I mention it because it’s something that has been on my mind the past few days. I’m on vacation, camping with my family at Myrtle Beach and yesterday (Tuesday), I had the honor and privilege to spend some time with a few of Horry County’s (link) Bravest.
Assistant Chief, good friend and Brother, Doug Cline(link) heard I was coming down. He arranged a “meet and greet” with a few of his members and a couple companies down at Station #1. He even came and picked me up in the Chief’s buggy.
We had a GREAT visit and like always, I met some amazing Brothers and Sisters! It’s typical when Rhett (Fire Critic) and I travel and we honestly don’t mind it. In all honesty, we LOVE it … it’s one of the things that keeps us going and that’s the direction of this post.
Our visits are much like an interview. The members are shy and maybe even a little “standoffish” at first but as soon as they see that we are real …. that we are the guys they imagine when reading our material … they open up and the questions / conversation begins to flow.
The opening questions are almost always the same. It’s kind of an ice breaker of sorts and then the direction can go anywhere. Our talk yesterday was a good one. I wish I could tell you the “message” but there were actually many shared in our conversations. It was good on both ends.
The group was a good mix of what appeared to be young and older members. I found the ball buster and cracked a few jokes right off the bat and set a relaxing, open atmosphere (actually, discounting myself; there wasn’t a “ball buster” in the group…LOL) .
We covered a variety of topics and one question led to another. They were like sponges trying to find out and learn as much as they could in the limited time we would have together. I tried to do my invite justice and spend some time on each question / topic.
The question always seems to come up anymore and sure enough, one member asked if and when I was going to leave the fire service (retire). I gave them the most honest answer I could.
I didn’t want to work the last tour I pulled. I don’t want to go back for my next. I may feel different in the morning… I may not. I can’t explain it. Rhett and I have both made a name for ourselves traveling the Country and speaking on Company Pride, Motivating Firefighters etc yet my personal morale is at an all time low. I’m a hypocrite and I told them that.
I don’t run my company like I want, know how to and should. Morale in my Department is in the drain and has been for some time now. I know the things to do and the attitude, image to broadcast but it’s just not there.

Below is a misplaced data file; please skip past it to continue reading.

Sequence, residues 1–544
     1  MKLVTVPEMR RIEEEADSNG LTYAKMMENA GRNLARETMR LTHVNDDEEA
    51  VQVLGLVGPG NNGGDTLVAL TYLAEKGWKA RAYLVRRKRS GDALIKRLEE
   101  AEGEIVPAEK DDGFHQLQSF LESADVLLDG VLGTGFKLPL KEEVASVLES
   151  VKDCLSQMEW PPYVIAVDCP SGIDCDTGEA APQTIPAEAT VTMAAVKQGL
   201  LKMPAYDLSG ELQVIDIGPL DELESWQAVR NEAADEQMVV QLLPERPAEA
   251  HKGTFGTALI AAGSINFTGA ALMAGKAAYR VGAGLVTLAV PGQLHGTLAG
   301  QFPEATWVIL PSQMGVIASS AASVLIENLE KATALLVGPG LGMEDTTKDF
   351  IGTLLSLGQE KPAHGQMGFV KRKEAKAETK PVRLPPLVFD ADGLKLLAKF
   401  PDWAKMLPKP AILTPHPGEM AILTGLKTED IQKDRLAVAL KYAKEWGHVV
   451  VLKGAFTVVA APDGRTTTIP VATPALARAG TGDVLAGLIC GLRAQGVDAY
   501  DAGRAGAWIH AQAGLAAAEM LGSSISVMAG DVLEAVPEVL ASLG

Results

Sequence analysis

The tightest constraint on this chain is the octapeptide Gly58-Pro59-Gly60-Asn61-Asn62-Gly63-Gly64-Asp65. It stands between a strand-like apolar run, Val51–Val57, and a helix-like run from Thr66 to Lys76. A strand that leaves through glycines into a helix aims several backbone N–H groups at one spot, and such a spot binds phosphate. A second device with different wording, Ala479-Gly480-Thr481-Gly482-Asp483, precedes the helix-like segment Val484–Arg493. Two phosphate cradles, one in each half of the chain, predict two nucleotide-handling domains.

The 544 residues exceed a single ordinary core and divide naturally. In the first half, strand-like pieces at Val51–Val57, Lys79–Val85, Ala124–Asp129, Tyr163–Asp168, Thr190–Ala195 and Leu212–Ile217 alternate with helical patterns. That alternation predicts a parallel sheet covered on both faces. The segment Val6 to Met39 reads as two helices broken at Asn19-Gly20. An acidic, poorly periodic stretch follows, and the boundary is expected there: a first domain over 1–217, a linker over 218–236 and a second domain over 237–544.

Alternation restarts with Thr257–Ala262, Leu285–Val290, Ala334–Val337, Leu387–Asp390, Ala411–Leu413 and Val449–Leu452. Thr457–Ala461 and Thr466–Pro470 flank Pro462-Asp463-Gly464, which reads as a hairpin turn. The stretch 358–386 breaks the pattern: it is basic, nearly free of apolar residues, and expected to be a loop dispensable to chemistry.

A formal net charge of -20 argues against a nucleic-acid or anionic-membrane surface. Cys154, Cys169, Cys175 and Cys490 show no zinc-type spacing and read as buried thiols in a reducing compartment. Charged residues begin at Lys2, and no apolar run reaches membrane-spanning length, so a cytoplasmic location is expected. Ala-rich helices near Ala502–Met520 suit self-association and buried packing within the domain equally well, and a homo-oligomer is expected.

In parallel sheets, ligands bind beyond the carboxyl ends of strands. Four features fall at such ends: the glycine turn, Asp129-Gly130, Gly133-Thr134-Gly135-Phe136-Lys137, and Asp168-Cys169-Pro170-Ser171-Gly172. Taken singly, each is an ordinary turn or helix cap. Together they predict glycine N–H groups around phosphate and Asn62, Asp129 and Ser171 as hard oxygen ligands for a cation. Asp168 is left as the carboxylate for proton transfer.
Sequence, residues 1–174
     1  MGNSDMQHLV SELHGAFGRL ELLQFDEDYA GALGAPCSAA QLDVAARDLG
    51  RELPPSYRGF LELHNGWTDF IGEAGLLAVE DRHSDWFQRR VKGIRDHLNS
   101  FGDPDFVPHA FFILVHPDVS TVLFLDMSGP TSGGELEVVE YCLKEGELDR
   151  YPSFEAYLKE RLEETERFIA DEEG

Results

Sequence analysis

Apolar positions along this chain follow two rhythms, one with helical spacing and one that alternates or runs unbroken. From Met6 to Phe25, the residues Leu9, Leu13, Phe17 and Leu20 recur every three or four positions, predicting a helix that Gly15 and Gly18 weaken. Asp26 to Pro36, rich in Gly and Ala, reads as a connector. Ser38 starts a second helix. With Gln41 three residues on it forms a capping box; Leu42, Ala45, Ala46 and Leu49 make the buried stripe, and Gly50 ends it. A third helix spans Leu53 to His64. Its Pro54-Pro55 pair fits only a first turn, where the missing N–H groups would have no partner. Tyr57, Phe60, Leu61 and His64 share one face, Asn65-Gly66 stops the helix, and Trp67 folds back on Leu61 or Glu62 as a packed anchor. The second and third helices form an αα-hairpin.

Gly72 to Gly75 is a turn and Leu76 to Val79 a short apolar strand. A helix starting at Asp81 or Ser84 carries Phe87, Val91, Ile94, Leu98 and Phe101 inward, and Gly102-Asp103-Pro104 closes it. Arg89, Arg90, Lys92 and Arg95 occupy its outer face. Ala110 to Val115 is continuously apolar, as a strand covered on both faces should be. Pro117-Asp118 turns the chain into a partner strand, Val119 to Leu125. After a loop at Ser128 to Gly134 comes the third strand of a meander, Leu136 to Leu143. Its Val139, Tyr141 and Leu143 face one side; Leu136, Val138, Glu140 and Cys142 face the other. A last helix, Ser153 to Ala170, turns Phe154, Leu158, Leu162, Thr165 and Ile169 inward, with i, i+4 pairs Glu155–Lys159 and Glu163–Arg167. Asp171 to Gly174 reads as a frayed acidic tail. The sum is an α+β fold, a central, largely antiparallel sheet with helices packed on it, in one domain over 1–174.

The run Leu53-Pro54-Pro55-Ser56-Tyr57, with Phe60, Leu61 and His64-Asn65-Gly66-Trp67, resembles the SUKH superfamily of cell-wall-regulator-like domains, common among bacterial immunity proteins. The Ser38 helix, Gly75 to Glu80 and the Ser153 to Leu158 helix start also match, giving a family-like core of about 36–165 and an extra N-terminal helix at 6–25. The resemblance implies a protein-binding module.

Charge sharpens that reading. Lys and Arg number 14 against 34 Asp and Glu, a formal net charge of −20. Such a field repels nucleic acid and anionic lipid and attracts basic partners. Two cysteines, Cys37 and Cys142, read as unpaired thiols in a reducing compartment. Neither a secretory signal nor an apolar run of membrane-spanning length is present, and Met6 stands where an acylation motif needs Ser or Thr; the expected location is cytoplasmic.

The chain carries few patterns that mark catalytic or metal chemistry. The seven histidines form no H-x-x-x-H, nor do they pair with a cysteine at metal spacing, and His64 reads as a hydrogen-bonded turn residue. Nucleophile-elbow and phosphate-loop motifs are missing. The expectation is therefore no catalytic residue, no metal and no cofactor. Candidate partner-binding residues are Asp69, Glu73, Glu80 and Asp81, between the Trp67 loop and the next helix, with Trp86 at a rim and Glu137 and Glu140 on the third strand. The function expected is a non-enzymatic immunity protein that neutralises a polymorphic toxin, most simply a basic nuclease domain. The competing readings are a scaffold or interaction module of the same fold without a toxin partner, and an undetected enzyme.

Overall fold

I can give ya a truck load of excuses but the honest answer there is that I’m getting tired of hearing them myself so I know you are too. My mental health issues are a big part of the problem but that’s another obstacle that I am going to have to overcome and get past.
I shared, but can’t explain; that it’s (retirement) a day to day event for me. Hell, getting out of bed some mornings is still a struggle much less deciding if I want to go in to work or not.
I have my time and I’ve DONE my time. I can retire TODAY if I want to. There are days when I think to myself, I’ve done and seen enough … that I’ve “earned” a retirement. Then, there are other days (like the moments after spending time with the Brother / Sisters from Horry County) that I get that hunger again. That old burn and passion for the job. And here’s the thing … I can still do it. I can still do it and I’m good at it.
Yea, we ALL have something to offer and that was one of the messages I shared yesterday. Each of us (you) can make a difference. You can make a difference in your Company, Battalion, Department and in the Fire Service as a whole. It doesn’t have to be earth shattering either …. every little bit counts. Your attitude is contagious … if it’s not, make it so that it is! People… your community, co-workers, your Brothers and Sisters ARE looking at you whether you know it or not. Make sure you’re leaving the right impression.
Have I gone to fires? Yea … in 27+ years, I’ve seen more than my fair share. One of our most famous quotes is that as a Firefighter, your first act of bravery is taking the oath or signing on. I agree with that 100%!
You folks … my Brother and Sister Firefighters, First Responders etc do amazing and extraordinary things on a daily basis. You see and do things that “ordinary” people could never (and shouldn’t) imagine. Things nobody could have ever prepared us for yet we continue to put on the uniform.
We talked about some of those runs yesterday. We talked about them, then I pushed them to the side. We don’t run “those” calls everyday or every tour. Yea, they matter, mold, change and sometimes even define us but the “everyday” runs impact us just as much. The number of “saves” or “grabs” I have made mean a hell of a lot less to me than the number of victims I couldn’t get to in time.
Yea, I’ve seen work but I’ve seen a lot worse between those jobs. I’ll take the fires any day over some of the other runs we take in. We see how people live… neglected elderly, sick, cold and / or hungry children. It’s not all about going to jobs and making grabs. How about Code saves … child births …. controlled bleeds … cardioversions etc? Do they not count because there wasn’t a fire?
I don’t, nor do I have to ask a Brother or Sister how much fire they fight … If they are on the job (or in the service) I already know they’ve seen and been through enough. I think it’s a knowledge we all know and share somewhere deep within. It’s part of what bonds us into this Brotherhood.
I had the chance to briefly talk about all that and more with the Brothers and Sisters from Horry County and I’m glad I did. I want to say THANK YOU to them for the invite and opportunity. Thanks for the hospitality and Brotherhood we shared. If you’re ever vacationing in the Myrtle Beach area, be sure to drop in and say hello … these Brothers and Sisters “get it”.
Stay SAFE and in House!